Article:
Lauren: I like sun and the beach and good friends, so I love St. Barths. I also love Montauk, but more so in September than in the summer. I like to take one "exploratory" trip where we see new places, and one where we go to the same beloved spot and just relax.

ArtStar: If you had to choose 3 words to describe your ideal client what would they be?

Lauren:

1. Open-minded to design - Knowing that good design makes a difference
2. Honest - about the budget up front, but willing to take a risk
3. Eager to learn - takes the time for education

ArtStar: How has your taste in art changed over the years?

Lauren: The older I get the more open minded I become about art. While I am more accepting of more avant-garde art than ever before, I also find I am more discriminating about what I really want to own. I can go through a huge show and remember two or three pieces that moved me. Before, I might have been confused about what I thought was best for me.

ArtStar: What are some tips to consider when selecting art for the home? What are your tips for selecting art for a workplace environment?

Lauren: Art for the home can and should be anything that moves you and that you want to see day after day! Be careful of placement, though, as some works cannot take direct or even filtered sunlight over long periods of time. If you have young children, buy the art anyway, but if it is fragile make sure it is not within reach until they are a little older. Do not try to match your art to your home décor! That may change, but the art is good art, it will be passed on for generations! I would say - buy what you like, but first educate yourself. Why not buy an artist whose career can give you enjoyment to watch and whose passionate pursuit results in your piece escalating greatly in value?

For commercial - don’t try to please everyone, as you will not. People love to talk about how they love one piece or hate the other. It is not about making all the art 'milk toast' so no one is offended. Art can be a wonderful icebreaker and conversation starter and can relax, excite and inspire those who work around it. Good art does that. Mostly with buying art for commercial, I have to think about size - does it fit, will it "hold the wall?” Meaning, can I get away with just painted drywall if I use this wonderful piece of art - as it will be my total budget?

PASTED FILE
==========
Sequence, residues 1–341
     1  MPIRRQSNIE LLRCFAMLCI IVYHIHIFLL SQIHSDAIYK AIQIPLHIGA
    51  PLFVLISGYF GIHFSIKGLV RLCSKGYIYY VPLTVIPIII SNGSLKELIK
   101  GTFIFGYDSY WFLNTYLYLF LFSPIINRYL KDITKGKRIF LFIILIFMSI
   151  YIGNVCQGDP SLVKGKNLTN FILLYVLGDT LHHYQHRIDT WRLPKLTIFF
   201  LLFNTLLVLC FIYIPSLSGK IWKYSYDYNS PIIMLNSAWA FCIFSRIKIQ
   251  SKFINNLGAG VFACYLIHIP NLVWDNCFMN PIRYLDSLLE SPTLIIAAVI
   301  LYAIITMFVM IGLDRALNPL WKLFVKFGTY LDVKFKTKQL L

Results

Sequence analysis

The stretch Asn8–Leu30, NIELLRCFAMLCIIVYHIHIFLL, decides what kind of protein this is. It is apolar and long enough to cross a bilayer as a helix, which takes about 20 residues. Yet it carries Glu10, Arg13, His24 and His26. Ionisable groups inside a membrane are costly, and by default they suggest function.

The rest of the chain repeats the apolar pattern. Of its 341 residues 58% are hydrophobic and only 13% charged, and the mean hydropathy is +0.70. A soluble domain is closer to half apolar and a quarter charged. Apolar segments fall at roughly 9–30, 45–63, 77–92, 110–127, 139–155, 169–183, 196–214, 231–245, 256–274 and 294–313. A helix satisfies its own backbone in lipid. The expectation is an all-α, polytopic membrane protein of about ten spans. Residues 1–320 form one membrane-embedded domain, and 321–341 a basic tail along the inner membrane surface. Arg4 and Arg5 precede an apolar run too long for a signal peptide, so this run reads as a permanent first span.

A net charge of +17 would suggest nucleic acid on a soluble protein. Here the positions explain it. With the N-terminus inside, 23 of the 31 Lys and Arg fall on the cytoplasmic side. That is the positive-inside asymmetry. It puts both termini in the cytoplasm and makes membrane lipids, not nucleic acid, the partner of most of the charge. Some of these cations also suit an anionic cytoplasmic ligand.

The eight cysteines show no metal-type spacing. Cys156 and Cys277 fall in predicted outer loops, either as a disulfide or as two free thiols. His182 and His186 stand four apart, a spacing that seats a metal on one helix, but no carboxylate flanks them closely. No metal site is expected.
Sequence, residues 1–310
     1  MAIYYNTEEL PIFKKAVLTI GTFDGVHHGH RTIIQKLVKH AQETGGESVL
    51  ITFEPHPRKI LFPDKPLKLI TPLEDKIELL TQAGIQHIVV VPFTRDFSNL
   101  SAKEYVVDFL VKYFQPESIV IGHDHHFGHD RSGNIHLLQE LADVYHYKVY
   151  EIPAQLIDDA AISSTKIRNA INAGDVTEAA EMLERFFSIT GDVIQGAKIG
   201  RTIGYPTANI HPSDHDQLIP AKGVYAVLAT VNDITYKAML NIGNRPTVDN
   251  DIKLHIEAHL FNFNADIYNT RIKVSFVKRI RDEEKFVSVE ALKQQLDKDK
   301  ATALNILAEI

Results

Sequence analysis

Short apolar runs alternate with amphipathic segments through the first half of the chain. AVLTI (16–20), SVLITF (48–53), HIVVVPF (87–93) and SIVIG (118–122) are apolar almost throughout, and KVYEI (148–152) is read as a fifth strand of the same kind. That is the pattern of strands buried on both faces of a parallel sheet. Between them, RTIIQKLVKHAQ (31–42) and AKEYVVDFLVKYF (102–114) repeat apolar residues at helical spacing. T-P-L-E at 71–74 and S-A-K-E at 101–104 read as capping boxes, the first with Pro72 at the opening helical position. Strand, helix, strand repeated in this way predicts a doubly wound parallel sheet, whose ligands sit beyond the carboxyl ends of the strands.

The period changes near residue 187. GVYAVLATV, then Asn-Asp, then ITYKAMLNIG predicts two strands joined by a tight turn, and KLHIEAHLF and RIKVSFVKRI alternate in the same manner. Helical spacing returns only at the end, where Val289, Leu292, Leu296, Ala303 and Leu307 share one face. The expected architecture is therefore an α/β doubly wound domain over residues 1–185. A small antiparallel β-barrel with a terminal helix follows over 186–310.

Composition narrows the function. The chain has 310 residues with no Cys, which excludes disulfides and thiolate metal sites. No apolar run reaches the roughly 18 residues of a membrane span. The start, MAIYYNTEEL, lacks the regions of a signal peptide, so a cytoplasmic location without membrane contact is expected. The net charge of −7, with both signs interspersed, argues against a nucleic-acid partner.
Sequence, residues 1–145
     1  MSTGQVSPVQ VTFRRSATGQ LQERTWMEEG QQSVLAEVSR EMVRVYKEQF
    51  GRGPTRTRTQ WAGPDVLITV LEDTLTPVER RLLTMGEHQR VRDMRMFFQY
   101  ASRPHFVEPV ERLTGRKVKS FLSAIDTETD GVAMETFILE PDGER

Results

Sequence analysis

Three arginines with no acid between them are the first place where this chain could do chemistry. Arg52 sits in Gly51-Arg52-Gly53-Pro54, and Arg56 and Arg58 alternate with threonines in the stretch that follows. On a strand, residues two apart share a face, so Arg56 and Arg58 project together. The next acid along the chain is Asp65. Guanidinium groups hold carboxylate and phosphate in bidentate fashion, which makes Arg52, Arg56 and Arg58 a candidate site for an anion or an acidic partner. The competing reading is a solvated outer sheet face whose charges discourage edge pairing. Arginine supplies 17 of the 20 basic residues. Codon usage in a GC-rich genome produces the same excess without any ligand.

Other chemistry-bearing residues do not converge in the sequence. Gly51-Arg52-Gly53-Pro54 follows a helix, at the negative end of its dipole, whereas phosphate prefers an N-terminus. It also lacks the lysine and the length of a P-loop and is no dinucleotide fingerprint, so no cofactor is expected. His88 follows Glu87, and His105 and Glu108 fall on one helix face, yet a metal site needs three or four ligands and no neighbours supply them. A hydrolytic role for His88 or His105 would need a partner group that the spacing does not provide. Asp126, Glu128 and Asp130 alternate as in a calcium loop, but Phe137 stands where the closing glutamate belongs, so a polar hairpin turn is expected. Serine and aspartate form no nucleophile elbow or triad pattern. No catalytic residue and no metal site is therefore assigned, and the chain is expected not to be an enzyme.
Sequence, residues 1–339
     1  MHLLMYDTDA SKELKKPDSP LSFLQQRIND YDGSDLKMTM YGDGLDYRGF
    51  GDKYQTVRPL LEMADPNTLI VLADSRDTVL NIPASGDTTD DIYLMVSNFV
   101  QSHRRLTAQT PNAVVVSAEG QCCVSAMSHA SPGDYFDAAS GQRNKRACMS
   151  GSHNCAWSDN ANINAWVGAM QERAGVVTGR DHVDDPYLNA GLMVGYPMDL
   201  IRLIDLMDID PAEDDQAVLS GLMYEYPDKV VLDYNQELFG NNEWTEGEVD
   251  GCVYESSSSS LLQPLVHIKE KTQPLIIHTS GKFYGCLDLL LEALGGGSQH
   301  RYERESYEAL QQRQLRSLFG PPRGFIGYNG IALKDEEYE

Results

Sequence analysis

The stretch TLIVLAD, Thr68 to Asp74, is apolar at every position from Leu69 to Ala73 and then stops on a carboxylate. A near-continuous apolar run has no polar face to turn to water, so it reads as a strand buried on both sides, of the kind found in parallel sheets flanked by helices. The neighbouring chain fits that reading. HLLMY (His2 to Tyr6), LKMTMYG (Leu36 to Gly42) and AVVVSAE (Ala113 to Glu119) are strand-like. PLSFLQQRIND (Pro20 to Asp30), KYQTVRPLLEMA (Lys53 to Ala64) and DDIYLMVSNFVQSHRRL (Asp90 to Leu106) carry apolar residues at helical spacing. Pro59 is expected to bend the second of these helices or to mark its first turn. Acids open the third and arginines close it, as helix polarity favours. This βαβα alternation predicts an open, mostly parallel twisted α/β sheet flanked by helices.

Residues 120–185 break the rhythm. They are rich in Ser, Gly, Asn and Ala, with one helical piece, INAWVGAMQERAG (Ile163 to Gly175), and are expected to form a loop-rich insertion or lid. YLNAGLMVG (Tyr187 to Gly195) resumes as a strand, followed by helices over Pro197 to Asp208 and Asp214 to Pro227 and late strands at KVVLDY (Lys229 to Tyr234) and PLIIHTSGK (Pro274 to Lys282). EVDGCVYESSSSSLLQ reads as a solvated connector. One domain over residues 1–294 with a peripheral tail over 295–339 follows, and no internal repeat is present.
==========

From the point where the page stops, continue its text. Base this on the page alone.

ArtStar: What was the best gallery show you saw in the last 2 months?

Lauren: Well, it was not in the last few months and in the National Gallery in DC, but the Lichtenstein show was amazing to me. He started trying to perfect the brushstroke and perfected his own personal art. His last few works brought back the brushstroke. I enjoyed the Mark Flood show at CAMH (the Contemporary Arts Museum) in Houston. I also enjoyed the show at the 21c Museum Hotel in Oklahoma City - probably in part because seeing good art in a new hotel on the outskirts of downtown Oklahoma City so pleasantly delighted me.

ArtStar: What questions does your team ask the client when they want to start a collection?

Lauren:


1. Why do they want to start an art collection - personal enjoyment, giving back to their employees, offering their hotel guests a unique experience, for the investment? All of the above? Often with commercial office projects that we have not designed, we simply hear that they "want some color" or sophistication. That is okay, too.

2. Who will make the decisions on what is ultimately purchased? If it is a large committee, we will most likely need more time and fee. One visionary is obviously the best. We had this situation with United Talent Agency - of course, the project came with an existing amazing collection. We are okay with committees, but it is usually best to have one or two people chose the major pieces and let the committee select a few.

3. What is the desired budget range?

4. Are you willing to take time to find the right pieces or do we need to complete the entire collection by a certain date?

ArtStar: The studio is based in Houston. What is your favorite local art haunt?

Lauren: Houston has some wonderful galleries and museums. The Museum of Fine Arts Houston and the Menil Collection always have good shows, as does the CAMH, and the three museums are so different in their shows that you can frequent them all and have an extensive art experience. There are also more grassroots programs like DiverseWorks. For galleries, I frequent Barbara Davis Gallery, as she has a true eye for finding artists. I believe she was the first to show Julie Mehretu when she was at the Glassell School. I also frequent Carrie Inman's gallery, Hiram Butler Gallery and Texas Gallery. I am currently also visiting Sicardi Gallery and Moody Gallery. We are very fortunate to have a deep and diverse art community.

ArtStar: What are your top 5 favorite artworks on ArtStar right now?

BRIGITTE BARDOT (CE007)
$15,000.00
NICK CAVE DOUBLE SIDED, INFLATABLE PUNCHING BAG
$99.00

B IS FOR BAKER
$55.00 - $700.00

GREENLAND 63 LIMITED EDITION PRINT
$850.00 - $2,750.00

WHITE ON WHITE
$3,500.00